Thank you, Mr Davies, for giving me the opportunity to speak in the debate. I welcome the Minister, and look forward to his response after we have all spoken.
As an officer of the all-party groups on ageing and older people and on consumer affairs and trading standards, I feel that the issue of unscrupulous builders is of the utmost importance and warrants the thorough consideration it will be given now. I come from a business background—I run a small company and have worked as a business development director in the corporate sector—so I am not a politician whose default position is, “Let’s have more regulation.” However, in the building and renovation trade, many rogue builders across the UK have been ripping people off for far too long.
In my judgment, something must be done, and the Government must take steps to protect vulnerable people from cowboy builders. There are three core issues to address: first, the routine targeting of the most vulnerable people in our society; secondly, the way that unscrupulous traders create an unfair marketplace and plague the legitimate building industry; and thirdly, how we can act to stop the proliferation of fraudulent work.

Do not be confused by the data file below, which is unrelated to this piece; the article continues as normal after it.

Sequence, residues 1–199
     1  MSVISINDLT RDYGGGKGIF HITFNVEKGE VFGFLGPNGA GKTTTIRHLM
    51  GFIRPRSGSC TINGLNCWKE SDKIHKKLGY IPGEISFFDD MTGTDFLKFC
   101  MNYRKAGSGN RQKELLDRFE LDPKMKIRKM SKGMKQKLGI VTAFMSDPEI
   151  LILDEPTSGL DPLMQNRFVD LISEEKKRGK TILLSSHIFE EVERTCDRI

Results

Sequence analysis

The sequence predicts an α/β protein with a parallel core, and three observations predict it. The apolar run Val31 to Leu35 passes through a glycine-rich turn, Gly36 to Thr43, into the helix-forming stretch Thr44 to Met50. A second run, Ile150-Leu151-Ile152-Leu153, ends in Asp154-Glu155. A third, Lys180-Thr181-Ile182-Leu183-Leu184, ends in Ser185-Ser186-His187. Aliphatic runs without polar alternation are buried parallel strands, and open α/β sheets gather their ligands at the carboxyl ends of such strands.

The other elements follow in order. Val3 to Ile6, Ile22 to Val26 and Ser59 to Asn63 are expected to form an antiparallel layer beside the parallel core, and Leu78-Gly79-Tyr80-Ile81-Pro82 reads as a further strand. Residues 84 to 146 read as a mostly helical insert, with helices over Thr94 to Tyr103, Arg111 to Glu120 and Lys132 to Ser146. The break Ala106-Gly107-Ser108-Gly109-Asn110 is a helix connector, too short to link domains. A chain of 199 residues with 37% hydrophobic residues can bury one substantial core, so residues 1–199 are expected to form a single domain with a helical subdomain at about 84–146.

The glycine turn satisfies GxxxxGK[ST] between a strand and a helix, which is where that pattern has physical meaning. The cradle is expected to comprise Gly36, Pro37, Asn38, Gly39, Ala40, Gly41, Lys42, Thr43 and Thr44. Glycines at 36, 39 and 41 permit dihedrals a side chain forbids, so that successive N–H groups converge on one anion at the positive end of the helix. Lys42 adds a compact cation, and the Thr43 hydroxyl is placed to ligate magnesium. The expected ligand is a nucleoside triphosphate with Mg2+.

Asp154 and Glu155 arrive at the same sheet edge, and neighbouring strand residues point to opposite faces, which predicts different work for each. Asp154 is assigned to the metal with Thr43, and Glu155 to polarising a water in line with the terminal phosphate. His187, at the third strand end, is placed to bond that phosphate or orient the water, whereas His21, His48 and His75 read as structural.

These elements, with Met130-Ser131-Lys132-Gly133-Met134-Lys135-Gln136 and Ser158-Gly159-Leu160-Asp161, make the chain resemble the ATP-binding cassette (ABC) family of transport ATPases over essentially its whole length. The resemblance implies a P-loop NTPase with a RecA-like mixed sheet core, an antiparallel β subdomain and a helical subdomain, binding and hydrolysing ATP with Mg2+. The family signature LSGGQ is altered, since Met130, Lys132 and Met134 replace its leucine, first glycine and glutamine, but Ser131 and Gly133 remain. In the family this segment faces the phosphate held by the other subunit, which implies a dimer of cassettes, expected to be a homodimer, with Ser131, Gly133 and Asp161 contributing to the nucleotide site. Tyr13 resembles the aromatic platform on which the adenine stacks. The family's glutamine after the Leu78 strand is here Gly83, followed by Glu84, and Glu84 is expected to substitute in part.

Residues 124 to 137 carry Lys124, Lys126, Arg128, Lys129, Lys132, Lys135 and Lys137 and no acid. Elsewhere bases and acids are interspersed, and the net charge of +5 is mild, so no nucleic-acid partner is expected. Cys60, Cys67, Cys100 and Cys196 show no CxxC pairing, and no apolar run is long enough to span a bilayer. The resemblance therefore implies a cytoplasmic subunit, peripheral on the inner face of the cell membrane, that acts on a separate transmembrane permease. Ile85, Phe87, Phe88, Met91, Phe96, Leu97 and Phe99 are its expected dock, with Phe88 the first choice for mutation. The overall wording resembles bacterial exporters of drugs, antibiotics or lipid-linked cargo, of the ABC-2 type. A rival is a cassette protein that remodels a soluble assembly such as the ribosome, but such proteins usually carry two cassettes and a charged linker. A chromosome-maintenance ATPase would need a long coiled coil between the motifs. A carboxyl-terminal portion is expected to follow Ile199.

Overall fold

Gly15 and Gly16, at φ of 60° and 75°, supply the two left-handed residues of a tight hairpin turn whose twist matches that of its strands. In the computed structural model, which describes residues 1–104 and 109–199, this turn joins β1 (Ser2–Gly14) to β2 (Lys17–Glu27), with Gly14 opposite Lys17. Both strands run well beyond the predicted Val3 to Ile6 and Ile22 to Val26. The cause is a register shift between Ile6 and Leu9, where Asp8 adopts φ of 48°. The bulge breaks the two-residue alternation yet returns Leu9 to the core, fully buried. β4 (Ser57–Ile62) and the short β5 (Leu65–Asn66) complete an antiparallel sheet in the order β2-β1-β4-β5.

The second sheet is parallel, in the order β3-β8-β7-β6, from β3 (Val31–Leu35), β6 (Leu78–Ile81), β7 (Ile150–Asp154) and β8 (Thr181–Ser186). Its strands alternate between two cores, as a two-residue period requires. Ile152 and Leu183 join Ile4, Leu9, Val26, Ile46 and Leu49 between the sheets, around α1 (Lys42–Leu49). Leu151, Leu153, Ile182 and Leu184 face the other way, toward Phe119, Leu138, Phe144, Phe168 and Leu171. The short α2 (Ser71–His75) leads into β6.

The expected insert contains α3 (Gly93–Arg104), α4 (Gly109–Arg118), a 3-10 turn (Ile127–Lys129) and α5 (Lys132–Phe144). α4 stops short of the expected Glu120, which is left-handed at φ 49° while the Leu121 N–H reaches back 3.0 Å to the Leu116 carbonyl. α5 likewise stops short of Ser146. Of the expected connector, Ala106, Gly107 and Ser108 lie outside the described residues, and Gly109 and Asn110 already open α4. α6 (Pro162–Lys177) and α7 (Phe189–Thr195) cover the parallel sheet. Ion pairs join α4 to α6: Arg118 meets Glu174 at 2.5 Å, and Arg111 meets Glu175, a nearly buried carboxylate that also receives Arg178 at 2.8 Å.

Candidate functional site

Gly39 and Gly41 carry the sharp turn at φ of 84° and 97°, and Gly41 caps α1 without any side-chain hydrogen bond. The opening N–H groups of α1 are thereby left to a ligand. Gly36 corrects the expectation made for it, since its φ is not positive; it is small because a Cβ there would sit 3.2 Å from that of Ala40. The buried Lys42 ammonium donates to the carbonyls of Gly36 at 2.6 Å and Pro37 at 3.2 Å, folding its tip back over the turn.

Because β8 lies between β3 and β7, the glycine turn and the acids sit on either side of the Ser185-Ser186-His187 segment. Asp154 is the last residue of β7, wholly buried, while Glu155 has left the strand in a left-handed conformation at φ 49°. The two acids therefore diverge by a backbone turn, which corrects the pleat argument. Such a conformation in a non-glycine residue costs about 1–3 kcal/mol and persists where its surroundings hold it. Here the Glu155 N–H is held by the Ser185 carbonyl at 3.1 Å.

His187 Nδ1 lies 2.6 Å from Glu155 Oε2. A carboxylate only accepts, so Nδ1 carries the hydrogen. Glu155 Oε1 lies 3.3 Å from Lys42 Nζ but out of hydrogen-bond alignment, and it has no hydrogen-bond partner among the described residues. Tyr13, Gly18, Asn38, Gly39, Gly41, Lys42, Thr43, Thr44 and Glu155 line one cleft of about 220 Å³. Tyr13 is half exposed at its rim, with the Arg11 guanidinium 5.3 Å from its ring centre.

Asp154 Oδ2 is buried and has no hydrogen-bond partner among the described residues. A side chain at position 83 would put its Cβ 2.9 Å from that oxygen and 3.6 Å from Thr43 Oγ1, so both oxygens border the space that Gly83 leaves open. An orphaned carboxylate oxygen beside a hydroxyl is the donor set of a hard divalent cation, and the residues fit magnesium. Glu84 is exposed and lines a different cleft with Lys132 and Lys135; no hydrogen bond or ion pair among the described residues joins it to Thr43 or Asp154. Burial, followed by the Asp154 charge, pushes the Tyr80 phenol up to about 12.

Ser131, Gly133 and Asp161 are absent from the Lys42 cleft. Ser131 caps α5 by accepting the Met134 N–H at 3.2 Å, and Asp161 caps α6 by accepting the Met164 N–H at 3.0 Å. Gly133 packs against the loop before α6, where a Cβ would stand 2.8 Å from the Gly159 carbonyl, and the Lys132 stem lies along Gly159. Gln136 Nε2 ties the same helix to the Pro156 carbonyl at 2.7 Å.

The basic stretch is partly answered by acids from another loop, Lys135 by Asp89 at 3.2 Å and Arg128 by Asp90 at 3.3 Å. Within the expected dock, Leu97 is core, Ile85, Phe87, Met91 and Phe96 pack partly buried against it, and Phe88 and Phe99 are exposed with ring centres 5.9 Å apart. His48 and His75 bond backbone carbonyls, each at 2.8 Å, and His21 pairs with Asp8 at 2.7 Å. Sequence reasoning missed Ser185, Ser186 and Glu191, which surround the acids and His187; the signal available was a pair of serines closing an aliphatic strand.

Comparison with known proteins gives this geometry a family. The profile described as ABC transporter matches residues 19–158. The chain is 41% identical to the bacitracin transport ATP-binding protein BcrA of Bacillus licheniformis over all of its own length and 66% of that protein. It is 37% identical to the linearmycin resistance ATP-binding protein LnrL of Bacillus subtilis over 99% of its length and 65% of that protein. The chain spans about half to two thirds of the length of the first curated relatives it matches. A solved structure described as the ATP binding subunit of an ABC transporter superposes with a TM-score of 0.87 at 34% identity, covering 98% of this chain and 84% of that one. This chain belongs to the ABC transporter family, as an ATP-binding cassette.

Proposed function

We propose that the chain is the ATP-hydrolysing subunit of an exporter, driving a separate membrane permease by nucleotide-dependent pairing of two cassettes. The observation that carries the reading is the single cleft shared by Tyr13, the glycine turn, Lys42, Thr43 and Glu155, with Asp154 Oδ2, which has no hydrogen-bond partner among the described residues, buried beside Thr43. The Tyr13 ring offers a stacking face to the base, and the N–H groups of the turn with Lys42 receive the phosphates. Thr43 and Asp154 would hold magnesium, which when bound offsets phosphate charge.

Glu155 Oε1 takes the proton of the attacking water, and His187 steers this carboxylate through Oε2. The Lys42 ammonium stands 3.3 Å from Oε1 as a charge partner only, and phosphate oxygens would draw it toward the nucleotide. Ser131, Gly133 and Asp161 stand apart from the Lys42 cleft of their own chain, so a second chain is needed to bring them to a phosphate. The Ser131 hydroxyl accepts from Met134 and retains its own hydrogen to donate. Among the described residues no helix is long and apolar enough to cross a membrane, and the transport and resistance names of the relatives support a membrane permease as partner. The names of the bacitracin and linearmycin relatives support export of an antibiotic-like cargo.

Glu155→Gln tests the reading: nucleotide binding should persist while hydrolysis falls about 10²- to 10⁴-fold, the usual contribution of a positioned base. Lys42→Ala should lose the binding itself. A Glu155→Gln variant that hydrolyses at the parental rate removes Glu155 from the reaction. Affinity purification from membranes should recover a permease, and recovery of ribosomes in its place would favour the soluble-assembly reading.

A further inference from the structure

Recently, a rogue trader was convicted in my constituency. That was a good result considering how difficult it is to prosecute such criminals under current legislation. During the proceedings, it came to light that he had accepted cash and cheques from customers in Eastbourne for sums of up to £23,000. One of the victims was an elderly widower, which is not uncommon. He received redress from the television show “Cowboy Builders.” The programme surprised my constituent by fixing the damage done to his property while he was in hospital recovering from a heart attack. That was a good deed and much appreciated, even if it was for the purposes of entertainment. Although we can take comfort from the happy ending to my constituent’s ordeal, it is unacceptable that he felt compelled to turn to a television show rather than to the authorities. However, given the lack of adequate, robust legislation to protect citizens from such criminals, his decision is easily understood and was, frankly, wholly rational.